My Nana was quite possibly the classiest lady I ever had the privilege of knowing. To our family’s misfortune, she passed away at the young age of 53, when I was just 13 years old.
I remember how softly she always spoke, even if reprimanding someone. I remember, no matter how badly she felt, she always looked like a million dollars. I remember the silky feel of her hair on my cheek when I sat on her lap as she told me stories, and I remember the lilt in her voice and her infectious smile.
The one thing that always stuck with me was a specific visit when I was 12 years old, just a few short months before she passed away. I had saved my babysitting money to buy myself a tailored suit and nice shoes. At 12, I was enamored with the “business woman’s” look of long, tailored skirts and up-swept hair. I practiced for hours upon hours with my hair to get just the right look. I wanted so much for my Nana to think I was as classy as she was and so I wore my tailored skirt and vest and rolled my hair into a classic up do just to go visit her.
My uncle, who was only five years my senior, was flabbergasted that I did not look like a 12 year old girl when I walked into the house. He began deriding me for looking far too “mature” for my age and asked my mother what she was thinking allowing me to dress in such a manner. I started to become very upset and then my Nana stopped my uncle’s lecture by simply stating, “If you’ve got it, flaunt it!”
At first, I didn’t realize what my Nana was really saying. I had heard that term before, but usually in a manner that someone was showing off something they should be concealing.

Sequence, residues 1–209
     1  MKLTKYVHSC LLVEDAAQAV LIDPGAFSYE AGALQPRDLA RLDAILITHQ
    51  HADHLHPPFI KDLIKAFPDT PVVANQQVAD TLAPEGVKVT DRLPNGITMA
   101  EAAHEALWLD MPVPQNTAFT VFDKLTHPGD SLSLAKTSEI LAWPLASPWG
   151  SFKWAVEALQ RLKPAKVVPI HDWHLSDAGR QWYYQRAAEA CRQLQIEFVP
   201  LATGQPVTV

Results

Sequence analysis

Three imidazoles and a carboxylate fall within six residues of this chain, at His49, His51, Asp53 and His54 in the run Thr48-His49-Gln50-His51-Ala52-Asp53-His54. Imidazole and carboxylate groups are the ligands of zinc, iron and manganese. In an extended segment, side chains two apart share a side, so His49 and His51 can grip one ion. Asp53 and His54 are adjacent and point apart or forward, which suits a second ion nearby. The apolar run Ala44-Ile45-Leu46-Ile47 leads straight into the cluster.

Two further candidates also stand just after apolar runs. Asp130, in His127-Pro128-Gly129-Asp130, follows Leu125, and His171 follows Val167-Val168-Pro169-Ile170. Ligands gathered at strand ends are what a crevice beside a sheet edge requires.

My Nana went on to tell my uncle that I looked beautiful and had done a “mighty fine job” of dressing myself with class. I was just beaming that she thought I looked classy!
I realized then, that the term “If you’ve got it, flaunt it”, although often spoke in derision, simply meant that you should exploit your talents, your dreams and your individual creativity.
I am now two years younger than my Nana when she passed away. Most of my career was spent wearing tailored suits and fancy shoes. At one point, in my early twenties, I had an enormous walk-in closet full of tailored suits and over 200 pairs of fancy shoes. In fact, I usually bought the shoes first and then looked for outfits to match. Due to age and injuries, I can no longer wear those fancy shoes. Yet, I still keep a few pair that I just can’t seem to part with.
Some people would think me vain and narcissistic for collecting these suits and shoes, but to me it was all about being as classy as my Nana.
Now, I understand that class isn’t just about the clothes; it’s about your entire persona. Class is having respect for yourself and others. Class is showing love even when you’re feeling sick or in pain. Class is speaking softly and always looking for the good in people and the best in life.
I don’t think I’ll ever come close to being as classy as my Nana; but I’ll forever keep trying and I’ll forever remember her love and her class!